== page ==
As more drivers refuse to pay the Pennsylvania Turnpike's rising tolls, and opt instead for free Interstates and state highways, Moody's Investors Service says it has cut its rating for $3.1 billion in Pennsylvania Turnpike Commission senior-lien revenue bond rating to A1, from Aa3. Subordinate bonds, including a new $76.7 million issue due next week, will remain at A3. Lower ratings typically force borrowers to pay more interest.
In his report, Moody's analyst John Medina cited the Turnpike's "weakened credit profile" as growing debts and weaker-than-expected traffic force commissioners to enact "higher than forecasted annual toll rate increases." The Turnpike's future traffic and revenue forecasts are overly optimistic, Medina added. Commercial shippers are refusing to pay higher tolls and instead using "alternate free routes," and more are expected to shift as planned annual toll increases drive Turnpike costs higher and higher.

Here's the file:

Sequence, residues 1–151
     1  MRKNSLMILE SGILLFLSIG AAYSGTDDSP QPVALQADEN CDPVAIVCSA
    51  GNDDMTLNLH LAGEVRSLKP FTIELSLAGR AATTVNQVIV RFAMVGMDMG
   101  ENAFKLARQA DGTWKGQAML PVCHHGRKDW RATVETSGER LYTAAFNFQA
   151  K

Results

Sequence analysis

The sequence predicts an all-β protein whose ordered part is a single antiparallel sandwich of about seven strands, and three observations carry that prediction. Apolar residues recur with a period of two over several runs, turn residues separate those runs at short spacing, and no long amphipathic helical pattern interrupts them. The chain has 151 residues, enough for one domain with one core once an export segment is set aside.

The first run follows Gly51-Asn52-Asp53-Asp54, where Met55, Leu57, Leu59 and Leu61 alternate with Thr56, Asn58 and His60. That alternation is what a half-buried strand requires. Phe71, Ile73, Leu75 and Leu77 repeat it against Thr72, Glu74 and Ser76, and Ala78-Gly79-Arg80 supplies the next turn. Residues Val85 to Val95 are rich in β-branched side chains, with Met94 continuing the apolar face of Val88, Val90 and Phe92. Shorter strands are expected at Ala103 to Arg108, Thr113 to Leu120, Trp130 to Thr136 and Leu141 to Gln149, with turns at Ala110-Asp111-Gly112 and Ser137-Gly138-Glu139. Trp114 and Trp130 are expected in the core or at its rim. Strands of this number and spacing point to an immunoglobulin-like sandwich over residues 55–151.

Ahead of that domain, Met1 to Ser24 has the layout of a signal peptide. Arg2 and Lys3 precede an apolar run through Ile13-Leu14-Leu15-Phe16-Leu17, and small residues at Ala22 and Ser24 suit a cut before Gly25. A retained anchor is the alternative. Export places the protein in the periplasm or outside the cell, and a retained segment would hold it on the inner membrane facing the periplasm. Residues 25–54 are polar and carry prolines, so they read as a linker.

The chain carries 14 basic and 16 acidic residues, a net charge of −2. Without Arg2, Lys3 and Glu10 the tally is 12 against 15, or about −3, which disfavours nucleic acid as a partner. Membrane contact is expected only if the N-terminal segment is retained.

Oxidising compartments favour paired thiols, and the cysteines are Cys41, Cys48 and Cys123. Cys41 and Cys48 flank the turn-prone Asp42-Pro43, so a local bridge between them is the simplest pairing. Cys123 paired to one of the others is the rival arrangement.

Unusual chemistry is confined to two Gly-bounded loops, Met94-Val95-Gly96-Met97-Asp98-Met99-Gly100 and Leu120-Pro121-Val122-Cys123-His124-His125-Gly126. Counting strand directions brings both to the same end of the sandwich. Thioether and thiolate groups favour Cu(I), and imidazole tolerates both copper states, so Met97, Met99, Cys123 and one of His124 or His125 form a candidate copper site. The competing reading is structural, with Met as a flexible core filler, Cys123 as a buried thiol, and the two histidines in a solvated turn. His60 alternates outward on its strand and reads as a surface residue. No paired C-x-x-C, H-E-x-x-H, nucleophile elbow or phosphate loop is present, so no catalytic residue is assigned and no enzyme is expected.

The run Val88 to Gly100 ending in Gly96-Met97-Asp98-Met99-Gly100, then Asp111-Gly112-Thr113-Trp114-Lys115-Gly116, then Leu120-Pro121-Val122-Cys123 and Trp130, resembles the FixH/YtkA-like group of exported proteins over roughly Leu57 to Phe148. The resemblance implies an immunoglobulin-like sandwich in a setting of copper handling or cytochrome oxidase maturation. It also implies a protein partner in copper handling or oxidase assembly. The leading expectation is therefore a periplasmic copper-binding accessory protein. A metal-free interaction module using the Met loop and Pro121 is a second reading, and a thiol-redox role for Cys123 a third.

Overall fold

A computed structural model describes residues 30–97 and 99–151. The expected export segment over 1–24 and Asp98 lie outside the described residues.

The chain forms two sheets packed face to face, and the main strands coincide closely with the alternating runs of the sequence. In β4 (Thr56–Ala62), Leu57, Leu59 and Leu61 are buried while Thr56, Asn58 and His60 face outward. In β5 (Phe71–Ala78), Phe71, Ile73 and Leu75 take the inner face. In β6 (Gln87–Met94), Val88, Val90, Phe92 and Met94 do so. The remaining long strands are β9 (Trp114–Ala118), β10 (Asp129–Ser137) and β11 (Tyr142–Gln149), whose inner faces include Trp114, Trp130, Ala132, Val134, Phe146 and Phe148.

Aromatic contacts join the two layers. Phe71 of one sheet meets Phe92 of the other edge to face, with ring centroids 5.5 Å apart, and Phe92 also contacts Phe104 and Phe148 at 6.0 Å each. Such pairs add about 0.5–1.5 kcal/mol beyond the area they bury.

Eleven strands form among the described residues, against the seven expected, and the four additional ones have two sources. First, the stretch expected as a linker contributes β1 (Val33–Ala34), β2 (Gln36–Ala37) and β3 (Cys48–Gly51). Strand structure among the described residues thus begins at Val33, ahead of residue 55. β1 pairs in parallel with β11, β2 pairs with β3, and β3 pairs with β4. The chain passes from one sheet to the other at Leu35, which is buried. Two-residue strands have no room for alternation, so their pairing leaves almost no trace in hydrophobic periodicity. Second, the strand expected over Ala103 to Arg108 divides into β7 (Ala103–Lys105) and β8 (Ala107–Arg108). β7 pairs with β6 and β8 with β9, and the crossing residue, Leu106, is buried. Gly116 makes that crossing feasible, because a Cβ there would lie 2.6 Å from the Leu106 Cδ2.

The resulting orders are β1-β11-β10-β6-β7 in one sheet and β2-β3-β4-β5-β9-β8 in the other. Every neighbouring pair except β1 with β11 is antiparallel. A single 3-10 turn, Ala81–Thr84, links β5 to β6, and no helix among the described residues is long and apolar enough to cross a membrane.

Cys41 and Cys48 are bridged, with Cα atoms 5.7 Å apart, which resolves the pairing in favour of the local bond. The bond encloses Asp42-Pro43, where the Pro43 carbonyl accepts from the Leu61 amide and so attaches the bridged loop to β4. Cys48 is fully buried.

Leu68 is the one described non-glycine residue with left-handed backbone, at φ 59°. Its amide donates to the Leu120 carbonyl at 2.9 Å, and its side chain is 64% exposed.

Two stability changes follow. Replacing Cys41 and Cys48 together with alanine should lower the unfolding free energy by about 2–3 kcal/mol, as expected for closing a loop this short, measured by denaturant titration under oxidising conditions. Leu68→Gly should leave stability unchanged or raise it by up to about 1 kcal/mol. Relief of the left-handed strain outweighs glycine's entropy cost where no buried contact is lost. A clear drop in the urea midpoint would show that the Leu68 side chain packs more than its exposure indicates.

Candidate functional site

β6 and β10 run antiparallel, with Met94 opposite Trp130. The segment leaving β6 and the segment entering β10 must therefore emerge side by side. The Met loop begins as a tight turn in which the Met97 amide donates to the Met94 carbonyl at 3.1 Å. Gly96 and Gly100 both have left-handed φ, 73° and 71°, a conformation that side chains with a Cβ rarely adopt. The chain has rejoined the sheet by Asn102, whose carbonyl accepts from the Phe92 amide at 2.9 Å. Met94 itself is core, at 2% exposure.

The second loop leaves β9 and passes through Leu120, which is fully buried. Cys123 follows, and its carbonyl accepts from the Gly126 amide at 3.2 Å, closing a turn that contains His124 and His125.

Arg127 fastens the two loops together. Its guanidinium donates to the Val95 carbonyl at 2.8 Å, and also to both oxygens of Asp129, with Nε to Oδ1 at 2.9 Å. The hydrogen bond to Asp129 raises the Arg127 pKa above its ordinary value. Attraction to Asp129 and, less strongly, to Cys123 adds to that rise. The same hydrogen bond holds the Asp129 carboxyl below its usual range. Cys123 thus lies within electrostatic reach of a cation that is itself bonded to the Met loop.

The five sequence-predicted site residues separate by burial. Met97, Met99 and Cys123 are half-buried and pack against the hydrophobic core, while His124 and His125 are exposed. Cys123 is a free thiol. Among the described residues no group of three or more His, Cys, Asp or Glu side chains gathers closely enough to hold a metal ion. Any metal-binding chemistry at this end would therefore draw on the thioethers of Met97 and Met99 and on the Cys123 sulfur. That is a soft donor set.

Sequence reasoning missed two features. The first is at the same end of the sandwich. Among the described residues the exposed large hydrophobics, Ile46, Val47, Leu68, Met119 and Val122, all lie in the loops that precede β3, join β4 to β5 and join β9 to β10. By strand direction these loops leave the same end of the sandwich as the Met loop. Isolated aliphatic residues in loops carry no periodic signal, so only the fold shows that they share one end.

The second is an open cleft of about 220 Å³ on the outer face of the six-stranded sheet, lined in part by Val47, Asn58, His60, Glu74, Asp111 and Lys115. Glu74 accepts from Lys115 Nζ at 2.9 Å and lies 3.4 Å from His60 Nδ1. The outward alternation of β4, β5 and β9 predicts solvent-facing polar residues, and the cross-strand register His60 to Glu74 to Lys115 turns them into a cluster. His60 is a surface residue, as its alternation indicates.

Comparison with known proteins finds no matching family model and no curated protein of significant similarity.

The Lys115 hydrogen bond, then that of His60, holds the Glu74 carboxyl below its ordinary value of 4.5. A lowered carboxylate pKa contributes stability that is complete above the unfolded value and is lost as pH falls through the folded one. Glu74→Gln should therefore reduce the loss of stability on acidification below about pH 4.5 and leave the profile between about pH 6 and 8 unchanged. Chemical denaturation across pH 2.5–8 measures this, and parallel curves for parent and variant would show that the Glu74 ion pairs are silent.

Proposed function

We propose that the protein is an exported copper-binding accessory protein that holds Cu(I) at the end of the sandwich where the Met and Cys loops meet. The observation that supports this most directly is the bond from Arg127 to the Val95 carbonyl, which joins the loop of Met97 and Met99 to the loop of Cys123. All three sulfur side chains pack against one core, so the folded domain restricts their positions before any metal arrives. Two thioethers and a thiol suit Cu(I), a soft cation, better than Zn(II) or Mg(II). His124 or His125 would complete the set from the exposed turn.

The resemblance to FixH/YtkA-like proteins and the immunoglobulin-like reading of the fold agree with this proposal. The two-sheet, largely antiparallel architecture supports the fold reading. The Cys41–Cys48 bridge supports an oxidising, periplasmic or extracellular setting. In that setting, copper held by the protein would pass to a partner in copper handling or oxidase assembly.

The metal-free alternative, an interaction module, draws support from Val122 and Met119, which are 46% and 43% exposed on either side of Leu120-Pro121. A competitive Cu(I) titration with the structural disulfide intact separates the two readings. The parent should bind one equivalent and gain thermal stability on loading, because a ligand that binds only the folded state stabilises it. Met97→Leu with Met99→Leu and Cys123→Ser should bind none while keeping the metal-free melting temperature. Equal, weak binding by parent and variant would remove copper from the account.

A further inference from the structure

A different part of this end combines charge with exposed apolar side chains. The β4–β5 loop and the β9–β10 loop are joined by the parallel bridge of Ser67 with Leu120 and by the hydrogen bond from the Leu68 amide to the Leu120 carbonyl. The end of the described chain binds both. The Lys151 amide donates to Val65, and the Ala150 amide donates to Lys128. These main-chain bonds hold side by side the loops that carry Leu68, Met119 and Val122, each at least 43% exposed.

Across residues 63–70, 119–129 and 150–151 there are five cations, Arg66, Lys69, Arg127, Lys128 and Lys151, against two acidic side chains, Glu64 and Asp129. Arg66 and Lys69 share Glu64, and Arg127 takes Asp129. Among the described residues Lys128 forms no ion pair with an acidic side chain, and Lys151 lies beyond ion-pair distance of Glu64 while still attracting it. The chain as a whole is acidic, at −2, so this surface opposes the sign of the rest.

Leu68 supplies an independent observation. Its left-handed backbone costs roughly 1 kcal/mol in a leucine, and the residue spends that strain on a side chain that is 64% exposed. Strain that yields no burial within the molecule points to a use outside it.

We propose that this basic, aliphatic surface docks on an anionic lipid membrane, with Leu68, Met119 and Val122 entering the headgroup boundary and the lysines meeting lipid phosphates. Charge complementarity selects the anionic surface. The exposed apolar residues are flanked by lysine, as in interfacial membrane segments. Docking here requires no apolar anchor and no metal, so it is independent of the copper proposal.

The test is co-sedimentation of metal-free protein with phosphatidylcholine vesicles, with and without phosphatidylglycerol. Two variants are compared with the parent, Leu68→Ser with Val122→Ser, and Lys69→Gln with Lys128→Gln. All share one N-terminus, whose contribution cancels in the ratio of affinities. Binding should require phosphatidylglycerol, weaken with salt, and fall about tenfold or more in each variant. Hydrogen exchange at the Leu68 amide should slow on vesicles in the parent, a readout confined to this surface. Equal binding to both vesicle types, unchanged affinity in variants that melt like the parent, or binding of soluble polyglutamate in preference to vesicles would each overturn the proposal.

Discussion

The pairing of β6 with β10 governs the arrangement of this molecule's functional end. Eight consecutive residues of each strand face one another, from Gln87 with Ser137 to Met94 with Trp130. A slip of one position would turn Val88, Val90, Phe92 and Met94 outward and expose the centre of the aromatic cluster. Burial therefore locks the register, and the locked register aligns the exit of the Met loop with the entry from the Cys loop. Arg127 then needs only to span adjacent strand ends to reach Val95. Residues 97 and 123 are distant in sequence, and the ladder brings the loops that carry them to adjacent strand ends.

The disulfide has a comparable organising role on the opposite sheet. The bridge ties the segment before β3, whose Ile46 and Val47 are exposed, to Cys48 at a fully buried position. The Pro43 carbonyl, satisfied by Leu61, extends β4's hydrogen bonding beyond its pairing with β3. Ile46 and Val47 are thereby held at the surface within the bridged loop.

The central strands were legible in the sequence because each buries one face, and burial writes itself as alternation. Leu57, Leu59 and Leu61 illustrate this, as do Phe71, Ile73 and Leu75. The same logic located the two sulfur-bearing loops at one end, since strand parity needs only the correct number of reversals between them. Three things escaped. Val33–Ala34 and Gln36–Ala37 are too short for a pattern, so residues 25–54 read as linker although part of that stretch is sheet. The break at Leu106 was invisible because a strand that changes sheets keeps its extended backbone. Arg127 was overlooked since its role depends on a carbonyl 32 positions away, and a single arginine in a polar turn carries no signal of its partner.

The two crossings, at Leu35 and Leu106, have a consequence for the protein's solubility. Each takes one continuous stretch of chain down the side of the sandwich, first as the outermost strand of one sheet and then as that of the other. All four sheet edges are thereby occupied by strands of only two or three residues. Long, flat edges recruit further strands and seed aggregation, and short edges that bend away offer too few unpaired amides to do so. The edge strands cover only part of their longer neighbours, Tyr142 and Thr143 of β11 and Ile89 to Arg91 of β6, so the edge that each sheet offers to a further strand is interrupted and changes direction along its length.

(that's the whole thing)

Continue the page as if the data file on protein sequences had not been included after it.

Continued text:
Also, Pennsylvania's economic decline is likely to continue, leaving "an aging population, weak population growth, urbanization and out-migration of native residents," and "weakening demand" for the Turnpike and its tolls. Noting that Pennsylvania law (the Rendell-era Act 44) forces the Turnpike to pay for roadwork around the state, the Turnpike's resulting deteriorating financial condition is "not in line with an Aa3 rating," and the Turnpike's financial condition will likely "weaken further" as borrowing doubles over the next ten years, Medina concluded.